Validators are incentivized with financial rewards from the network to maintain the accuracy of all transactions on that network. In this way, they can be thought of as the “security force” of the network against potential bad actors. Whereas a typical financial transaction routes through a central entity like the Fed Clearinghouse to ensure all parties have the appropriate funds, with crypto this is all done programmatically and validated decentrally. This additional security and efficiency is what unlocks new possibilities for Decentralized Finance like in lending and market making.
Like a bank or a credit union, DeFi apps like Aave and Compound allow people to lend their crypto assets to a common pool which others can then borrow from. These projects will pay depositors an interest rate for leaving their asset there, and charge a different interest rate to borrowers.
Below are current rates on Aave for deposits, and both fixed and variable interest rates for borrowing USDC. Depositors can earn 5.26% for lending, and borrowers can do so at either 13.42% or 6.42% for fixed or variable rate loans.
Instead of assessing credit scores and reviewing a credit application for borrowers, Aave uses overcollateralized loans to hedge against the risk of default. This means that borrowers must stake $100 worth of ETH in a smart contract in order to borrow $75 of USDC from Aave, for example.
If this loan-to-value (LTV) ratio of 0.75 moves above some other predetermined amount, the borrower’s ETH may then be sold and converted to USDC to repay the loan.
Some types of loans work like this in TradFi, such as margin loans from a stock broker like Charles Schwab or Robinhood. With others, like mortgages, the bank waits until you stop making payments before foreclosing (repossessing) and selling the house to cover their loss. In both these TradFi cases, you would have first submitted an application to gain access to these loans. In Aave, the only thing that matters about you is what the LTV of your loan currently is. Everything else is handled programmatically.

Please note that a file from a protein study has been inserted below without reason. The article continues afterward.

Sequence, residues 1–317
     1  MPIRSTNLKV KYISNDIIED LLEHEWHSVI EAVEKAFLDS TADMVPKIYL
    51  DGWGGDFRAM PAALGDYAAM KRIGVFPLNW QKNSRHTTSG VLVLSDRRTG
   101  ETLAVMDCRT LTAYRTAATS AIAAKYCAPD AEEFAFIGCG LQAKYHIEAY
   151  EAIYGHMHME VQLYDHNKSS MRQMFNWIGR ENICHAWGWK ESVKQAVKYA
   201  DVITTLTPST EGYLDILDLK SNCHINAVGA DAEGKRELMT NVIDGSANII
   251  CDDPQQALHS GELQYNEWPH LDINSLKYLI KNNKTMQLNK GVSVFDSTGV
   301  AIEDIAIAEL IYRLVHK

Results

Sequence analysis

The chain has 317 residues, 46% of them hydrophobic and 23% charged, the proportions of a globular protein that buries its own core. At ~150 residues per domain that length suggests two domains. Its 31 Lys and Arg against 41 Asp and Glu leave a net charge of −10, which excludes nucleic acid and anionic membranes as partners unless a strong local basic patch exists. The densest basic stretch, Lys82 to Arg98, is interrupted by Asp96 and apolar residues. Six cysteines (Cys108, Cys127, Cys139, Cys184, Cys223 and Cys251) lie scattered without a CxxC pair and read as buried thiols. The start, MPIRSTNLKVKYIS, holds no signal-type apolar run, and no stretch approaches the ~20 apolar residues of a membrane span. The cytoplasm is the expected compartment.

On a traditional stock exchange like the NYSE, market makers help facilitate liquidity by maintaining inventory of a large number of stocks. They use this to provide buy or sell support in the market when there is a trade imbalance. If everyone is selling, they will step in and buy, or vice versa. They purchase and hold stocks at a Bid price and sell them at an Ask price in the market, collecting the difference. Thus, they act a bit like financial wholesalers - buying in bulk at a lower price and selling that inventory in the market at a higher price. As buyers and sellers enter orders, the trade is facilitated through an order book, which aims to match buyers with the closest possible price from a seller.
DeFi apps like Uniswap and Sushiswap have automated market making by using liquidity pools instead of order books. For any asset pair (i.e. USDC : ETH) the asset is priced algorithmically based on the amount of each asset staked in the pair. Users are incentivized to provide ETH and USDC to the pool as they are rewarded with liquidity tokens which entitle them to a pro-rata share of the trading fees earned on that asset.
The more liquidity there is in a pool, the more gradual the price will rise or fall, just as in regular markets if there are a lot of buyers and sellers. The less liquidity, the more the price can move on any given trade. The main advantage for Automated Market Makers using liquidity pools is the lack of sophisticated infrastructure and complex algorithms required by market makers in traditional finance.